Problems and Solutions
Chapter 25

Copyright© 2017 by Peter H. Salus

“I still say it may not last,” Rachel said when Patrick got home. She went on to relate her conversation with Al and her advice that he talk to their mother.

“Well, I wouldn’t sell either of them short, yet. The most unlikely pairings occur: I recall you predicting that Sarah and Henry were in a carnal relationship, but weren’t interested in marriage.”

“True. My ‘spider-sense’ wasn’t working. Anyway, what was your day like?”

“I read several things, had an idea, followed it a bit, and relayed my notion to Jason.”

“Very elaborate! I can easily follow your thought process!”

“Sorry. I didn’t mean to be sarcastic.” And Patrick told her of his findings and of the fact that there was at least one ‘lacuna’ in the database.

“Interesting. So all will be blamed on the technology!”

“I doubt it, but it might mean there’s a venal technologist.”

“OK. But I have other queries for you.”


“There will not be much going on the next few days. Some places will be closed, especially on Friday and Sunday. Should we stock food? Are we going to plan menus? Are we having anyone over?”

Rachel’s phone rang.

“Hi, Al ... Oh ... Oh ... Yes, I’m certain ... I’ll talk to Patrick ... My car or the LandRover? ... OK. Tomorrow around ten? ... Right.” She looked at her husband. “You were right. My mum said she couldn’t advise without knowledge, so Al invited Sayuri to Easter in Canberra. He wants to borrow a vehicle. I said I was certain it’d be OK. He’s coming here in the morning.”

“Let me call him. I’ve an idea.” Rachel handed him her phone. “Hi, Al. Evil in-law, not sister. Listen, why don’t we drive up to you in a little while and leave a vehicle? That makes for less shuttling ... OK ... it’ll be a bit over an hour, I expect.”

“Clever and sneaky,” Rachel said. We take both cars up there, he picks one, and no one is without a vehicle.”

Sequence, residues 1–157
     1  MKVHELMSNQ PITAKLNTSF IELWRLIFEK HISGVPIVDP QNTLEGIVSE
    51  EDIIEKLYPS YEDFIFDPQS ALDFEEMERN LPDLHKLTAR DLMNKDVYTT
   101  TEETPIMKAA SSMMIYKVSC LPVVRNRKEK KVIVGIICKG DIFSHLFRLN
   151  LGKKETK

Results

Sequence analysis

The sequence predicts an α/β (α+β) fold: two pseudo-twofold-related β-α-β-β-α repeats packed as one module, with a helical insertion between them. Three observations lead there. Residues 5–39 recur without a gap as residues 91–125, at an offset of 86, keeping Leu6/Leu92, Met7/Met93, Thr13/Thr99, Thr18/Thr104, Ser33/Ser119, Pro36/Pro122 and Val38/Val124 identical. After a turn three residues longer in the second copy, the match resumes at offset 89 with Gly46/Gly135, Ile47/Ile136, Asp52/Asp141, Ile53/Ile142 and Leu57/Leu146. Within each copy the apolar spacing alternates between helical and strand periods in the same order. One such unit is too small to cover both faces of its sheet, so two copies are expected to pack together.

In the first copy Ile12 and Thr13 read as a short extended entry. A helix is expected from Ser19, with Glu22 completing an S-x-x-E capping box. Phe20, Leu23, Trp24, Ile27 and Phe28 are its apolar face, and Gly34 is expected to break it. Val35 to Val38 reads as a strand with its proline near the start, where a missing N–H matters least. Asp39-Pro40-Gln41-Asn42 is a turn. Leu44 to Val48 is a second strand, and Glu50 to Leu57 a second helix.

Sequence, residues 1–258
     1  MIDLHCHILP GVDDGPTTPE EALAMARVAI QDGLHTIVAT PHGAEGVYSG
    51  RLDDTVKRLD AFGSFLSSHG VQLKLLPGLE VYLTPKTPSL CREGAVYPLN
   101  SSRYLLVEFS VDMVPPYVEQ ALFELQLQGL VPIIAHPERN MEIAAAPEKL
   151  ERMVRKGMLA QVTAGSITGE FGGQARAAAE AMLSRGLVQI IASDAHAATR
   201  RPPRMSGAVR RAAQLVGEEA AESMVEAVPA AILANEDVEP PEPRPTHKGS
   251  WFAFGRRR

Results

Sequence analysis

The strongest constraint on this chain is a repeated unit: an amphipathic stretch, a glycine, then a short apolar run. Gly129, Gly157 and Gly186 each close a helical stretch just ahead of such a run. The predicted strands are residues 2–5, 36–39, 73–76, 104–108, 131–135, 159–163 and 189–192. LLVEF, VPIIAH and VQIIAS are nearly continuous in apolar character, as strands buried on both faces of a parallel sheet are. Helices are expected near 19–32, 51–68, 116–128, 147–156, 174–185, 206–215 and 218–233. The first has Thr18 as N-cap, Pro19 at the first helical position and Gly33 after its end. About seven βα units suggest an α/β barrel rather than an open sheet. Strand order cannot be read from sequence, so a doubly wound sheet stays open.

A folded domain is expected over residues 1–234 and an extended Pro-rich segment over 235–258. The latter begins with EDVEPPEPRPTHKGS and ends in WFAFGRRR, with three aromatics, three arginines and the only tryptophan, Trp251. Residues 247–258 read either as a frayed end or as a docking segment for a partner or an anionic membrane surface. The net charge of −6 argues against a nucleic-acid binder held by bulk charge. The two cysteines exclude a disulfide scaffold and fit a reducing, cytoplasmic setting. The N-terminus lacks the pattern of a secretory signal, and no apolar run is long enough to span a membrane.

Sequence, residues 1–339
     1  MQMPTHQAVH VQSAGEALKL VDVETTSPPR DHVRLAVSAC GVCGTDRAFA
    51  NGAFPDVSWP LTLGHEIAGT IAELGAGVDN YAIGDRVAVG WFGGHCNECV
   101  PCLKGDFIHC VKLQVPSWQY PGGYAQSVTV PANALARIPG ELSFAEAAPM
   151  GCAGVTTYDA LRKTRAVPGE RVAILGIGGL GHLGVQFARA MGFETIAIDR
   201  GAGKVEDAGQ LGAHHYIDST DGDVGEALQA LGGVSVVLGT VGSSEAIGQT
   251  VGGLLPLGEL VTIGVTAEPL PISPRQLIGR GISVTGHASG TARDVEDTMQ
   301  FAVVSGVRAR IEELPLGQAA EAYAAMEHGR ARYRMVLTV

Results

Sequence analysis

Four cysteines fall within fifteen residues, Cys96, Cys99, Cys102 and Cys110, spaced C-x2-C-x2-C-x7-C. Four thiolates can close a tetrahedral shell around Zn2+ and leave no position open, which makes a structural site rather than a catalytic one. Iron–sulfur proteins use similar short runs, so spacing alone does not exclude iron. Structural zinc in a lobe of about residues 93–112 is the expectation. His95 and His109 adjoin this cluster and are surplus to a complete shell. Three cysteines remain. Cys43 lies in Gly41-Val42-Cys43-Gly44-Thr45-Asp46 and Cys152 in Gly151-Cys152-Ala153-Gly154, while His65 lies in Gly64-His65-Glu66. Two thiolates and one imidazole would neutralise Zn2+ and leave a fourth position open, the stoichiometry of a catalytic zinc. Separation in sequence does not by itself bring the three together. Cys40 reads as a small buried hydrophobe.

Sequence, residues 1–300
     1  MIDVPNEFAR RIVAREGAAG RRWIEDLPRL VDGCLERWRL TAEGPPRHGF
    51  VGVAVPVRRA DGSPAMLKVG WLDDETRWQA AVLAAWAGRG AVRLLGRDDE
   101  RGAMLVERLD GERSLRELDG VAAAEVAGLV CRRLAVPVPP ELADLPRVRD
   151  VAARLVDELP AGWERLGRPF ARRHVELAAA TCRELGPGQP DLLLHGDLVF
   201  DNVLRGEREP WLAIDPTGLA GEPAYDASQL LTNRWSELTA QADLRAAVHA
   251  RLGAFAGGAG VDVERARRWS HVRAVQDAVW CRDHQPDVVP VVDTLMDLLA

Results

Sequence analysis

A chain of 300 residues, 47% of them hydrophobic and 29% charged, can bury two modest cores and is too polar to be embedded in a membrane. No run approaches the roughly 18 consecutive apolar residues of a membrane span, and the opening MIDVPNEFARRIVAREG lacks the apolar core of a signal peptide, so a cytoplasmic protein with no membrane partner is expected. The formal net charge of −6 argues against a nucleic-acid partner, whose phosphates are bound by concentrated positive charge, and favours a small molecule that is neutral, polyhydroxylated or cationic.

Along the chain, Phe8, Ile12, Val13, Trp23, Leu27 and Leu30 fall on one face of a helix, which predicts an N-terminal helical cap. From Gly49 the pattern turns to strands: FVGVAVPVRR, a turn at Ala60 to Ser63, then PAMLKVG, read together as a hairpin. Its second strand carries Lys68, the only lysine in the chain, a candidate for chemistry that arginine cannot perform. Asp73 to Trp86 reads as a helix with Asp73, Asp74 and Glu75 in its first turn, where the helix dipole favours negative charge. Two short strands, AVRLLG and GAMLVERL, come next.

“Yes. And we’ll shop now and fill both your car and my Rover up on petrol.”

The (small) caravan to Macquarie and the symbolic exchange of Rachel’s Lexus for Al’s thanks and a promise about its immaculate return went quite easily. They didn’t see Sayuri. On the return to Newtown they chatted about menus for the weekend.

“If we were Catholic, tomorrow would be meatless. I’m not sure what the appropriate diet for Easter Saturday is. Lamb is traditional for Sunday,” said Rachel.

“True,” said Patrick. “But that’s inherited from the Jewish practise. Certainly, Jesus and the disciples ate lamb at the Last Supper, on Maundy Thursday – today.” [For many Australians of varying religious persuasions, Easter Sunday would not be complete without the family coming together over a meal of roast lamb.

Cooked traditionally in a baking tray with roasted potato and pumpkin, or given a Mediterranean bent courtesy of ingredients such as garlic, olives and lemon, lamb remains the quintessential Easter Sunday feasting meat.]

“What about the Easter Bunny?” Rachel asked.

“I don’t know. It certainly can’t be Jewish, as rabbits aren’t kosher. I recall reading several theories involving Eostre, the goddess, but none seemed sensible.”

“Celtic? I know Welsh and Irish have animal spirits.”

“The pooka. But, despite ‘Harvey,’ they’re not necessarily hares or rabbits. They’re shape-changers, as I recall.”

“Like coyote or Loki.”


“You mean, egg-zactly,” laughed Rachel.

“Anyway, we’ve got the Easter Bilby.” [In 1991 Nicholas Newland of the ‘Foundation for Rabbit-Free Australia’ developed the idea of the Easter Bilby to raise awareness about the environmental damage that feral rabbits cause and to replace the Easter bunny with true native wildlife.]

They were still laughing when they got home. “You know,” said Patrick, “There are a lot of real questions there. The White Rabbit and the Cheshire Cat in Alice, for example. The Cat is certainly a shape-changer.”

“A shift-less character he isn’t,” giggled Rachel.

“And think of the Goose that laid the Golden Eggs. Another creature distributing fertile wealth.”

“Is that what it’s all about? Spring and fertility. The white rabbit and the March Hare. Easter eggs and Golden eggs. Sowing magic beans that grow overnight.”

“Well, certainly sowing and eggs and spring are related. And lagomorphs are indeed prolific. In fact, my sweet, let me show you how it’s done. After all, next week is autumn here, but spring north of the equator.”

“Oh, my!” said Rachel, “What are you doing, sir?” It was over an hour later that they got round to dinner.

While Rachel was cooking, Patrick phoned Gordy. He was appreciative, but already booked for Easter with Sandra and someone else at Winnie’s.

Many shops were indeed closed on Good Friday, but many were open, as were most of the restaurants and coffee shops. They had a late brunch and then watched Wagner’s Parsifal on TV.

“Another Easter myth,” said Rachel.

“Yes. Did you ever look at Nietzsche contra Wagner?”

“I don’t think so. Nietzsche was too nutty for me. He was nutty. But after I read all the libretti for the Ring, I read other stuff, like Shaw’s book and most of the Nietzsche. Let me find it. I’ll read a bit.”

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